From my “Parenting Book” reading list:
Are My Kids on Track? The 12 Emotional, Social, and Spiritual Milestones Your Child Needs to Reach by Sissy Goff , Melissa Trevathan, and David Thomas
Here are my thoughts about it.
Strong Emotional Vocabulary
In the book, the authors recommend, “people of all ages develop an emotional vocabulary and learn to navigate emotions.” Being able to talk about what we are feeling with precision makes a big difference for me. The authors describe the pattern they’ve observed through their many hours of therapy: “It’s much easier to be angry than it is to be hurt. Or disappointed. Or even fearful. What girls have said to me over and over throughout the years is that anger feels more like they’re in control, while all of those other emotions just feel vulnerable and open-ended.”
I appreciate this wording here. There is a lot of complexity in emotions, and it can be hard to know how to respond to something other than anger.
My take away: Encourage my children to name the feelings that are underneath their anger.
One of the phrases for apologizing to our children jumped out at me.
“Will you forgive me for asking more of you than you are capable of right now? What would it look like for me to slow things down and better respect where you are?”
Just hearing this question reminded me of my lack of respect for one of my children that hates to be hurried. I like the way this question helps me see how I can turn to the child to receive their suggestions about how I can change.
My take away: ask for my child’s feedback.
This was, to me, the most valuable part of the book. There were three concepts that helped me:
1. Don’t offer correction when the child is caught up in an intense feeling.
“It makes no sense to engage kids with discipline or correction when they are experiencing elevated emotions. The brain is flooded. No person (child or adult) is capable of having perspective in those moments. We can’t think rationally. We’re incapable of being our best self.”
This is one of the reasons why I like to offer a break before finalizing the discussion.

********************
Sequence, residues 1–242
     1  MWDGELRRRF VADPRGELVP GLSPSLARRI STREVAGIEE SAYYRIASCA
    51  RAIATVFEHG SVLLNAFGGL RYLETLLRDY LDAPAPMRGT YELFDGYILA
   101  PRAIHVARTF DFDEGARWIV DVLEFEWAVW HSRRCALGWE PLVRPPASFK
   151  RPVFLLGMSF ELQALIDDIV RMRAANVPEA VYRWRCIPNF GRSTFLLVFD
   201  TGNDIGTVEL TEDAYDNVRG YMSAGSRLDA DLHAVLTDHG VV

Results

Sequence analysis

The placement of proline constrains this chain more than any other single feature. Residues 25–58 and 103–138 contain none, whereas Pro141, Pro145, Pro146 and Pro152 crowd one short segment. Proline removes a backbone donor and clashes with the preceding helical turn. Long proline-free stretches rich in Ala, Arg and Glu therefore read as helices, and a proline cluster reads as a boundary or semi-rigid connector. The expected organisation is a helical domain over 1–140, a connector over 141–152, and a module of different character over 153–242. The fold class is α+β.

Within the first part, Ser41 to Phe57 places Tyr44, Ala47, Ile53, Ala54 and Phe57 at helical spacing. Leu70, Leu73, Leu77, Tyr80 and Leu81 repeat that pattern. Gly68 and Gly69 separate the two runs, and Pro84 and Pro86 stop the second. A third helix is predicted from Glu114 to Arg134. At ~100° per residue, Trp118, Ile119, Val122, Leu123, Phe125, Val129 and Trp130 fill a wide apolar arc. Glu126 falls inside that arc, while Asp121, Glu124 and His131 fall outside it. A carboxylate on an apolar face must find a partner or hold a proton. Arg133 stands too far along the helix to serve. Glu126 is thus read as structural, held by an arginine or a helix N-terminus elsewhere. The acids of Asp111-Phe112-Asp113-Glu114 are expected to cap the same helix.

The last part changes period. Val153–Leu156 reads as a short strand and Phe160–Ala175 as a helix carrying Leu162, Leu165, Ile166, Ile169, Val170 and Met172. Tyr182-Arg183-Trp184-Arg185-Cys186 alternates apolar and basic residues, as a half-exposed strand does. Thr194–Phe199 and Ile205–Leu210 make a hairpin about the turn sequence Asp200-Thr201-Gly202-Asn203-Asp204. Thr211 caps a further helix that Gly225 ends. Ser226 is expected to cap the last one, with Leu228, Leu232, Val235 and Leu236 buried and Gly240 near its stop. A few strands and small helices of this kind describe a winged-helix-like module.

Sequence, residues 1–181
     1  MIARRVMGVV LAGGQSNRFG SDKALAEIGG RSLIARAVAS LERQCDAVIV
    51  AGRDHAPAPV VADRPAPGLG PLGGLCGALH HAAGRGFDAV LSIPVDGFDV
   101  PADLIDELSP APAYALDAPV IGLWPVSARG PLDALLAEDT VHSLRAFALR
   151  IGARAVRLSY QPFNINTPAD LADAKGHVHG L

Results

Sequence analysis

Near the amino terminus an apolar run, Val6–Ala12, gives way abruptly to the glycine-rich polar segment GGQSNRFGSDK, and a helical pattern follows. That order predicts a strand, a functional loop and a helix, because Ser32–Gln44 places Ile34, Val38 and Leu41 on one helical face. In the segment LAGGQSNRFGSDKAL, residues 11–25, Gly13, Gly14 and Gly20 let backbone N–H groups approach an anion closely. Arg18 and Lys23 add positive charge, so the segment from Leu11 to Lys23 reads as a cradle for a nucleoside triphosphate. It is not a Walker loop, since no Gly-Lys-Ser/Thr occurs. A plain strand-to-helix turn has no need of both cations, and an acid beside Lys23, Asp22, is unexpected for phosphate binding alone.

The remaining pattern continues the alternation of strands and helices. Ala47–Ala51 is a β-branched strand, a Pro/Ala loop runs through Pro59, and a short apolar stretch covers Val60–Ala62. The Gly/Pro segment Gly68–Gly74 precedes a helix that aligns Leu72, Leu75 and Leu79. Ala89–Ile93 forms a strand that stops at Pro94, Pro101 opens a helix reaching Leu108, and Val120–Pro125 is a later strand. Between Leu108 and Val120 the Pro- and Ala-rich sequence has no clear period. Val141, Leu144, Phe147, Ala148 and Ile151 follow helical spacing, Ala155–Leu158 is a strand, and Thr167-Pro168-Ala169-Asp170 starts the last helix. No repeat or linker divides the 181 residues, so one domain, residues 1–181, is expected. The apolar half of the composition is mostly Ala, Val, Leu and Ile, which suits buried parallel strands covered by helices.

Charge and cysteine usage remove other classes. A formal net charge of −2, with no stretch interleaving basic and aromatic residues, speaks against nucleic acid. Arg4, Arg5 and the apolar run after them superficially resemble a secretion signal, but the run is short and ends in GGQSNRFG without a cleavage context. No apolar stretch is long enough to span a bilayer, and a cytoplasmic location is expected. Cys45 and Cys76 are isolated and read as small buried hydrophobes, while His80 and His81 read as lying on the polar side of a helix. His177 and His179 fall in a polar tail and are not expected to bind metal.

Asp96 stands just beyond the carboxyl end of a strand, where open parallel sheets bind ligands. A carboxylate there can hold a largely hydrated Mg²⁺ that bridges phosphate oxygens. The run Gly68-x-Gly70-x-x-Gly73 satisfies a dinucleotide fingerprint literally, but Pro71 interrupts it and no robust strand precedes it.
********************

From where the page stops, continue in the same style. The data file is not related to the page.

2. The consequence needs to be paired appropriately to the action.
When we yell or give identical consequences for every offense (big and small), it becomes even more difficult for kids to develop perspective.
I admit I have reacted poorly many times, and in my anger, I’ve threatened kids with big punishments. This comment by the authors helped me see I need to keep things in perspective.
3. Self-regulation needs to be the natural result of our teaching.
“Children cannot learn to self-regulate if they never have time to do so. …A consequence means that you have regulated your child’s behavior. But the goal is self-regulation.”
I like the idea of giving children many low-risk chances to develop their ability to calm themselves. My hope is that my example of self-regulation is valuable for my children. It is a skill that takes a lot of time.
My take away: take a break before offering consequences.
There were other beautiful nuggets in the book, too.
“Value your child’s character over her happiness.”
“Awareness is where empathy starts and humility is where it swells into fruition.”
But, overall, I wouldn’t recommend this book. The tone of the book is rather judgmental. The authors are coming at the topic from their work as counselors, not as parents. Perhaps the most telling comment was this:
“Maybe you could go to Relationship Violation School, like traffic school, when you commit an offense like the dad I just mentioned.”
Ok, whoa. I’ve made lots of mistakes, for sure. I certainly have earned my pass to Relationship Violation School, but I can’t imagine any parent will respond well to that kind of feedback. That doesn’t feel like a good way of encouraging change.
Self-assessment is vital for parents. We all need to evaluate ourselves and determine if our actions are in-line with our priorities. We have a lot of freedom in how we manage our families. Based on the title, I hoped this parenting book would be about appropriate ways to self-assess.
I was disappointed, though. The book is not about self-assessment. The author has already decided on the frame of reference. The book is actually simply advice about how parents can improve. The authors are counselors together at Daystar Counseling Ministries in Nashville, Tennessee. I think this book might leave parents feeling discouraged because of its tone.